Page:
3. Employer Matching: Employers match the Social Security Administration and Medicare contributions made by the employee, essentially doubling the rates mentioned above.
  4. Limit Checks: Ensure you’re aware of the annual thresholds. Once an employee’s taxable income crosses a certain limit, they may no longer be subject to the same tax rates or may be exempt entirely.

What To Keep in Mind When Withholding FICA Taxes?

The process of withholding FICA taxes can be more intricate than simple calculations. It’s far from rocket science, but it does require some attention to detail. Taylor Fike, Partner at Fike Advisors and Expert Contributor for Mosey, highlights that “The tax penalties for mistakes can be severe for employers, which makes this part of your business extremely important.”

Here’s what you need to keep an eye on:

Social Security Tax Limit

The Social Security wage base can change annually due to inflation or legislative changes. Revisit the tax rate and limit each year to ensure you are withholding the correct amount from employee’s paychecks.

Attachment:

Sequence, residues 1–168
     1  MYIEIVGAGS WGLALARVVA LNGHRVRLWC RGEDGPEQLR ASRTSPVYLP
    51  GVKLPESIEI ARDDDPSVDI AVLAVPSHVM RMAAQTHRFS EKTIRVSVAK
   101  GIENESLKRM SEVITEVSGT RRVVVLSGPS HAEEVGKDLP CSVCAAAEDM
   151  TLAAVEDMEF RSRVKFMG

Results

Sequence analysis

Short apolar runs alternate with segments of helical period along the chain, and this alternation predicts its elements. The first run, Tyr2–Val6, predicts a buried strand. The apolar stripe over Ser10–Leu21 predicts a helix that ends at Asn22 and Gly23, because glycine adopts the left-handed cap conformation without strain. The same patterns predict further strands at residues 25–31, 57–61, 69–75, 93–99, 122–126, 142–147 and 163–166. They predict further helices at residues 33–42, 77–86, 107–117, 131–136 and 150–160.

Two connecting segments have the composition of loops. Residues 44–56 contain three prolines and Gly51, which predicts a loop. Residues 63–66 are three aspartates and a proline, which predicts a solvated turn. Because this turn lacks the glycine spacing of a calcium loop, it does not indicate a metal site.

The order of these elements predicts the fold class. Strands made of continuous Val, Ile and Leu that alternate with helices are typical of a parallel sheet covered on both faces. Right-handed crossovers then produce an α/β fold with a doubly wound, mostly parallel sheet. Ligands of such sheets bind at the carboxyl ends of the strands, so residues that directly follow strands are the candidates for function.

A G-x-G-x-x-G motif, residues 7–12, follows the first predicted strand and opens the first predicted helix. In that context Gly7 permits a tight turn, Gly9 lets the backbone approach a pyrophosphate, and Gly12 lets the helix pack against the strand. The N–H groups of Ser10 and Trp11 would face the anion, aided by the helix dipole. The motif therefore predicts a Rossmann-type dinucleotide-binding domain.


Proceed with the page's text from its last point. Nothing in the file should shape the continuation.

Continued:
Medicare Tax Limit

As mentioned above, Medicare tax has no income cap. What it does have is an additional Medicare tax. For incomes that exceed a predetermined limit, an extra 0.9% tax is levied. Check this limit each year to revisit your calculations if necessary.

What If Employees Exceed FICA Thresholds?

High-earning employees who surpass the Social Security benefits wage base will find that their earned income above this level is not subject to Social Security tax. However, you should not forget about FICA entirely. Medicare tax will continue to apply and may even include the additional Medicare tax if the income is significantly high.

The understanding of FICA tax withholding lies in attention to detail, vigilance for annual changes, and a thorough understanding of income thresholds. Keep these cornerstones in mind, and you’re well on your way to mastering FICA.

When Are Employees Exempt From FICA Taxes?

Though the FICA tax net is cast wide, not every employee pays FICA taxes. Thankfully, FICA exemptions are fairly straightforward.

The following employees are exempt from FICA taxes:

  • Students With On-Campus Jobs: Call it a perk or a well-deserved break. Students employed in on-campus jobs are generally excused from FICA taxes.